The Bathurst Copper Butterfly is restricted to elevations above 900 metres where it feeds on a form of Blackthorn, Bursaria spinosa subsp. lasiophylla. The Bathurst Copper Butterfly has a mutualistic relationship with a species of small black ant, Anonychomyrma itinerans, which protects the caterpillar from predation and host the pupae within their nest.
The Bathurst Copper Butterfly is known from a total of twenty-nine sites comprising less than thirty hectares of habitat. It is thought that native vegetation clearing has reduced the area of potential habitat to small isolated remnants. The small size of these remnants compounds the harm that the various threats to the species may have on the remaining sites.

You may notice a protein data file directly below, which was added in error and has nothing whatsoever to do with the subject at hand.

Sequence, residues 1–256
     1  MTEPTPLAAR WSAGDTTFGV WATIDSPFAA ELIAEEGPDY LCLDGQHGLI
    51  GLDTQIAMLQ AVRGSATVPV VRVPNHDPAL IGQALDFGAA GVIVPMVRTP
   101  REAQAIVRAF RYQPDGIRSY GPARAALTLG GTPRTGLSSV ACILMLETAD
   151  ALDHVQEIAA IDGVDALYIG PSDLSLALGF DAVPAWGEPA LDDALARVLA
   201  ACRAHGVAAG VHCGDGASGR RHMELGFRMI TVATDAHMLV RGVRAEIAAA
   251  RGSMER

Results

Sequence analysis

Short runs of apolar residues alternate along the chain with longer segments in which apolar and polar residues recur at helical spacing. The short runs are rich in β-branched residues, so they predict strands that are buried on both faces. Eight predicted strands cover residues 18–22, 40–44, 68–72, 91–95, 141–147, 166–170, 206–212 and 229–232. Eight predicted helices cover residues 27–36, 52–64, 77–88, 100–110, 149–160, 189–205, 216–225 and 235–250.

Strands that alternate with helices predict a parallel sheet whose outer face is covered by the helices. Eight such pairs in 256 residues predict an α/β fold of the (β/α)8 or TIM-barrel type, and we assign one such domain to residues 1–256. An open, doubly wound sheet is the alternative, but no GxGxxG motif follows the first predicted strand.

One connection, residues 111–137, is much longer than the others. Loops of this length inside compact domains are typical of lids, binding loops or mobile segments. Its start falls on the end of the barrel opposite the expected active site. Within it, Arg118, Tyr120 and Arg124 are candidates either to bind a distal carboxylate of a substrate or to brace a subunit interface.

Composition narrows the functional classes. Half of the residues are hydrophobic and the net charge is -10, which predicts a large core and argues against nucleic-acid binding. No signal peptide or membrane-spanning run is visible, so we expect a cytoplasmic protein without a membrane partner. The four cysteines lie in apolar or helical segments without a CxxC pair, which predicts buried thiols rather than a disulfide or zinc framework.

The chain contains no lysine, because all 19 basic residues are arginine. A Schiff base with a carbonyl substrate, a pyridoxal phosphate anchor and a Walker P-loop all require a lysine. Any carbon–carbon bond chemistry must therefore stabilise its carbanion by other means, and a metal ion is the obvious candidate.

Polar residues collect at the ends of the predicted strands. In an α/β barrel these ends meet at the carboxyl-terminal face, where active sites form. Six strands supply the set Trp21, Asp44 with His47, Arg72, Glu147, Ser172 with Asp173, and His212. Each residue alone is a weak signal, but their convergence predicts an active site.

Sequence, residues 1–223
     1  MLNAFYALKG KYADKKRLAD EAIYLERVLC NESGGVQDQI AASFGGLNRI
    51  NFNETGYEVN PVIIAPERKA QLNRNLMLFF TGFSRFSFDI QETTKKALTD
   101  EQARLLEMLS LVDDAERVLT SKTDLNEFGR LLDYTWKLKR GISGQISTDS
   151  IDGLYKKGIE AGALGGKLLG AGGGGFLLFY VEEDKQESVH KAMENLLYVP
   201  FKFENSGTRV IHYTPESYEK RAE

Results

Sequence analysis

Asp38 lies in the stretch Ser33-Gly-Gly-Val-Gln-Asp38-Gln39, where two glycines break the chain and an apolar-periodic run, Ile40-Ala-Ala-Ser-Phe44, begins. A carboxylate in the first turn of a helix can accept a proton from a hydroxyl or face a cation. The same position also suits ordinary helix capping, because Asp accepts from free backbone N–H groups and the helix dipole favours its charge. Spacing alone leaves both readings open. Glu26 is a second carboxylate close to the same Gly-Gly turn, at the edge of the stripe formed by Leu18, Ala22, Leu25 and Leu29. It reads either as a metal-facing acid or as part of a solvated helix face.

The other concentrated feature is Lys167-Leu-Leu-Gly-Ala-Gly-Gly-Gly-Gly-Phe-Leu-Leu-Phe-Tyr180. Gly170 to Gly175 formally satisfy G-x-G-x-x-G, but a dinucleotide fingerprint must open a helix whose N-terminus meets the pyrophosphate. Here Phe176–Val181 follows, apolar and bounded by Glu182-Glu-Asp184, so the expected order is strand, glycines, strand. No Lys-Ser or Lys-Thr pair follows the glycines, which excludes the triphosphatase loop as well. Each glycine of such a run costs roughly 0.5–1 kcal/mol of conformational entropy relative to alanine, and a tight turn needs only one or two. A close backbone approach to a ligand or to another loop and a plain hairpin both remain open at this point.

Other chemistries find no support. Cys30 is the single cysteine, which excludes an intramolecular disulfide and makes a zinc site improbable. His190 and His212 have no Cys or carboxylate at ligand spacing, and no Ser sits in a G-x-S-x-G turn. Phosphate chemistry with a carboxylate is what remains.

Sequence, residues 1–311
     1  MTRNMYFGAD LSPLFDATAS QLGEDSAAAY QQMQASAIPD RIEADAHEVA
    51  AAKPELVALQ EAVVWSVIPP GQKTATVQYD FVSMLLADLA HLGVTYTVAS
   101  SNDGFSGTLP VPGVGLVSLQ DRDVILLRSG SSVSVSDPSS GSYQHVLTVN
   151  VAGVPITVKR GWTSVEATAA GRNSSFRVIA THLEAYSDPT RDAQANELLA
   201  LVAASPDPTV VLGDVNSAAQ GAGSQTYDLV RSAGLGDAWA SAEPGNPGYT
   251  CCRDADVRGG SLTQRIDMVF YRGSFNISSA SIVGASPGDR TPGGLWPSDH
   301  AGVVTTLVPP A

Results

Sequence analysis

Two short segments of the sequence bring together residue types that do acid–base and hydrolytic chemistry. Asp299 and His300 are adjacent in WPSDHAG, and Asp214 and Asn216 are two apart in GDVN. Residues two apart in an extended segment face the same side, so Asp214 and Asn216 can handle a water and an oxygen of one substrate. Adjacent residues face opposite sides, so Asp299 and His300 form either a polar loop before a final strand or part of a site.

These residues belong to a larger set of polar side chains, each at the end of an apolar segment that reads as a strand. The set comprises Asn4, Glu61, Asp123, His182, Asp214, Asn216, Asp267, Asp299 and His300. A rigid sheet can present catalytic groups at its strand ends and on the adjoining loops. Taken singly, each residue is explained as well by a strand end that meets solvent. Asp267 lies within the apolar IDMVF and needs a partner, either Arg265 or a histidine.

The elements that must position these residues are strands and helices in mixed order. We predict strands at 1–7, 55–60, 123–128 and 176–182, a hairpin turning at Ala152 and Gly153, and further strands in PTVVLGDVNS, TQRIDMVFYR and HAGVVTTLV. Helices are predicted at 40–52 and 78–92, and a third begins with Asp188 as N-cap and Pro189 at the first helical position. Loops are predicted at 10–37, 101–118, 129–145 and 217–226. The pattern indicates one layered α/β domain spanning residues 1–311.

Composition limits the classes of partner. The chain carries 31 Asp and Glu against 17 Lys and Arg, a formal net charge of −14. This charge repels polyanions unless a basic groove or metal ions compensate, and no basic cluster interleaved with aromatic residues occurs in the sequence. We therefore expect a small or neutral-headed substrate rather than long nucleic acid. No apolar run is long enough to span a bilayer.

Current threats to the Bathurst Copper Butterfly include habitat loss or modification through clearing, spraying, grazing, fire, weed invasion and illegal collection. The butterfly has not been observed at six of the twenty-nine sites in recent years and may be in decline at others.